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Two years ago, with rain in his hair and blood in his mouth, Ciel had knelt in the smoke-black ruins of his parents’ graves and whispered a promise of reconstruction. Dragging his corpse-thin fingers through ash and shattered glass, he’d gathered the ruins of his life hard inside himself and issued his second command to a patiently waiting demon: Rebuild it. Exactly as it was before.

Sebastian had assumed he’d meant the manor. He was partially right.

Everything was the same: the furniture, the portraits, the dishes, even the crown molding. Sebastian was skilled at his work, and he obeyed Ciel to the letter, recreating the manor from the scattered fragments of the child’s memories. It was a beautiful house. It was not home.

And then the ghost moved in.

Sebastian never saw it. It never moved Finny’s gardening sheers when the blond wasn’t paying attention. It never hid in shadowed, unused rooms, waiting to scare Meylene when she entered to change the curtains. It did not rattle chains in the attic, it did not moan in the hall; it did not appear in mirrors, or in the faces of the grave family portraits, and no one whispered about it in the dark by the fire.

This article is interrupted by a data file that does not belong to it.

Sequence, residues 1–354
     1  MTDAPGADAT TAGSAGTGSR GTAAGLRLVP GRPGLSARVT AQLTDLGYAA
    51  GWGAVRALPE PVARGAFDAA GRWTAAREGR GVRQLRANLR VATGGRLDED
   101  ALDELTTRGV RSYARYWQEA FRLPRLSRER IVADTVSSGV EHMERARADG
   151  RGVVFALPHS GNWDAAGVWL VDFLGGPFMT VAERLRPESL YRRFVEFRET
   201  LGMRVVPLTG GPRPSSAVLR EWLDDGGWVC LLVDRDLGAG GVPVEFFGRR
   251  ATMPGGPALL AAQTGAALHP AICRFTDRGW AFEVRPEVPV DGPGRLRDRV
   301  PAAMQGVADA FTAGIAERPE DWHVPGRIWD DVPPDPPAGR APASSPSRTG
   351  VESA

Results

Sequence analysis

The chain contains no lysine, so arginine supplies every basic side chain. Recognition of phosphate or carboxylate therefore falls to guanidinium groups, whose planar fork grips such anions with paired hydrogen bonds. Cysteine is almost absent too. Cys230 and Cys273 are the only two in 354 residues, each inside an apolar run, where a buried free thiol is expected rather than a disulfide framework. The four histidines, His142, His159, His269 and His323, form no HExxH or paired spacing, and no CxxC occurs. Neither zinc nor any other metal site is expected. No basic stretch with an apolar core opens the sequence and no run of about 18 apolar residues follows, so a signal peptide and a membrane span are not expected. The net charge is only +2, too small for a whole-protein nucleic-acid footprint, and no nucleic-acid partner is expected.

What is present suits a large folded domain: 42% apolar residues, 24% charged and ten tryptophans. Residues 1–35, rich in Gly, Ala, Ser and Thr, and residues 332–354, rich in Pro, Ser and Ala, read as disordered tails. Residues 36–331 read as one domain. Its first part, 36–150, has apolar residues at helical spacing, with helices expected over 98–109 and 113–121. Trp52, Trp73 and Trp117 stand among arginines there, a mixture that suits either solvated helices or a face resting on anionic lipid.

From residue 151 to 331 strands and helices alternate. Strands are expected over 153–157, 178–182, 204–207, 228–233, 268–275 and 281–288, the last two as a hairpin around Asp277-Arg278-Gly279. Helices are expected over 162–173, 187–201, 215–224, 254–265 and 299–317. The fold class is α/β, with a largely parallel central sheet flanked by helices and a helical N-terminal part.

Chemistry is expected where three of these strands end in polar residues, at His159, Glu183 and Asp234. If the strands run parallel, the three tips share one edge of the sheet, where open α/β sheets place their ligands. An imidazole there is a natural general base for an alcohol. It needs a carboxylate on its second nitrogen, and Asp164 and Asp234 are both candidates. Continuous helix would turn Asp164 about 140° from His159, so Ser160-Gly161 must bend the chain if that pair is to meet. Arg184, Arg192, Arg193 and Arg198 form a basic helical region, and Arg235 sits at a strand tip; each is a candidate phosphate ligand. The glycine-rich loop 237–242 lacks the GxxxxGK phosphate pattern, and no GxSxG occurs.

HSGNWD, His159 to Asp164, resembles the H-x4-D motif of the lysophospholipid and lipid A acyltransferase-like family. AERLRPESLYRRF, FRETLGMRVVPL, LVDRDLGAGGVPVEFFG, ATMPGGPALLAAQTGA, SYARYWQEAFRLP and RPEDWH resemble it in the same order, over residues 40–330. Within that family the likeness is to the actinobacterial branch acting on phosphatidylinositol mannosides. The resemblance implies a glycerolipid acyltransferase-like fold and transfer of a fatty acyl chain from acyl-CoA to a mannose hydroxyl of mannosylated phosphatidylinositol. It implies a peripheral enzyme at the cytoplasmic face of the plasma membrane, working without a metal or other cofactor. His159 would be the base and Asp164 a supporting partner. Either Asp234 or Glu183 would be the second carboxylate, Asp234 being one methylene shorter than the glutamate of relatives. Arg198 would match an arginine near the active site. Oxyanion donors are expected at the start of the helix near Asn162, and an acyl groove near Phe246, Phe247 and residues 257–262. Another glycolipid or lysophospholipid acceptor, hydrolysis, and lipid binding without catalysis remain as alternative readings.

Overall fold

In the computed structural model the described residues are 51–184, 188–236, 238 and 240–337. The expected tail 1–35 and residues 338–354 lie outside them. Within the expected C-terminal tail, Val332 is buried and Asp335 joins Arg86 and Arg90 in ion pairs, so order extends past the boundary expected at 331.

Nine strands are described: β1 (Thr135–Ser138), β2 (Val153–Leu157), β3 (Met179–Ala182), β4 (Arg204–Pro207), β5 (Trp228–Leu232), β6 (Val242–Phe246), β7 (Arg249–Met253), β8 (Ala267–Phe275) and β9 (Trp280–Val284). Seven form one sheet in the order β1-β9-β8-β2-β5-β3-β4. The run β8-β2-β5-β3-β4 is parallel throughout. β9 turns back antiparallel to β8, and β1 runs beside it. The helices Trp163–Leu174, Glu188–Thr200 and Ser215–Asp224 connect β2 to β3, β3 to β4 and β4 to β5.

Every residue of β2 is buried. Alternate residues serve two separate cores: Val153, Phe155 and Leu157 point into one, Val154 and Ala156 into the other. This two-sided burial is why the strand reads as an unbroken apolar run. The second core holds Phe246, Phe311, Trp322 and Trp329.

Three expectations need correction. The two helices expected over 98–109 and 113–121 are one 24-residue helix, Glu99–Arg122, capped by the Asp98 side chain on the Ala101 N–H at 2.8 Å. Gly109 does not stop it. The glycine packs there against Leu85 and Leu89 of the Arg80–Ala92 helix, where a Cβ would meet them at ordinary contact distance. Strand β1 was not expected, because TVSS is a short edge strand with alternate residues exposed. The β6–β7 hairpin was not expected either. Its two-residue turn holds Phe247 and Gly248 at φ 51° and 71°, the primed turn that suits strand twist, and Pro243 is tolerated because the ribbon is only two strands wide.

It came to haunt the ruins of the mansion, and that’s exactly what it did.

At night, Ciel can still feel its presence. It stalks restlessly through the chambers of his heart, peers through the broken windows of his mis-matched eyes. In the shadowed attic of his tortured mind, it sifts through the detritus of all the things he’d rather not remember, breathing fear into the erratic thunder of his aching pulse. In the soot-streaked recesses of his burnt out soul, the ghost writes warnings with its invisible fingers – sweeping, cryptic words painted in blood on the skeletal curves of his ribs. Sometimes he feels it drift down the staircase of his spine, stirring fragments of a never-fully-healed ankle bone in his charred basement. On the very worst nights it slips outside, slipping its phantom fingers through the weeds of his tousled hair; the rain of his tears, soft and silent, can’t trouble it anymore.

He is its haunted house, and when he dares to close his eyes and slip inside through the door of his dreams, the images are dark and terrifying.

Sebastian claims not to know it’s there, but over the years it finds ways of casually manifesting itself. It’s present in a glance, a certain gesture; the inherited way Ciel has of holding his head to one side when he’s thinking. As he grows older, it begins to speak through his voice, and sometimes, if Ciel glances quickly through the corner of his eye, it’s present in the mirror when no one else is around.

On the night Lizzie gives birth, Ciel sneaks into the child’s room when everyone else is asleep and cries silently because the ghost is there, too: it’s hidden inside the loops of the ‘e’ and the curl of the ‘n’ in the little boy’s name, giving an especially sharp edge to the final ‘t.’ “I’m sorry,” Ciel whispers to the baby, for as long as they live, the ghost will not die – preserved and eternal inside the ruins of a legacy he cannot rebuild, no matter how hard he tries.